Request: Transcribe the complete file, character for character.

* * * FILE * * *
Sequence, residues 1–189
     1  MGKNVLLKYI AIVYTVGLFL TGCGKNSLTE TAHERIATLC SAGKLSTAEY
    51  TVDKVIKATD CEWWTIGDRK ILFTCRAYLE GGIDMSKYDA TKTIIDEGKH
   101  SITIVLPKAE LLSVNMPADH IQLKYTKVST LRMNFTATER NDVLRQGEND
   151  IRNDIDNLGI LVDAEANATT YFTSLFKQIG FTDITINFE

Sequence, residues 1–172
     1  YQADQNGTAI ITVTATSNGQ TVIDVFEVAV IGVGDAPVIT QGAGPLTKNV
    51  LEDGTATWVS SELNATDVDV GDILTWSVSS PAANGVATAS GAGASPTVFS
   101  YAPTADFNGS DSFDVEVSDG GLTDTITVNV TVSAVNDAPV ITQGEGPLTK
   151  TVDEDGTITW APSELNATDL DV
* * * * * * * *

Sequence, residues 1–189
     1  MGKNVLLKYI AIVYTVGLFL TGCGKNSLTE TAHERIATLC SAGKLSTAEY
    51  TVDKVIKATD CEWWTIGDRK ILFTCRAYLE GGIDMSKYDA TKTIIDEGKH
   101  SITIVLPKAE LLSVNMPADH IQLKYTKVST LRMNFTATER NDVLRQGEND
   151  IRNDIDNLGI LVDAEANATT YFTSLFKQIG FTDITINFE

Sequence, residues 1–172
     1  YQADQNGTAI ITVTATSNGQ TVIDVFEVAV IGVGDAPVIT QGAGPLTKNV
    51  LEDGTATWVS SELNATDVDV GDILTWSVSS PAANGVATAS GAGASPTVFS
   101  YAPTADFNGS DSFDVEVSDG GLTDTITVNV TVSAVNDAPV ITQGEGPLTK
   151  TVDEDGTITW APSELNATDL DV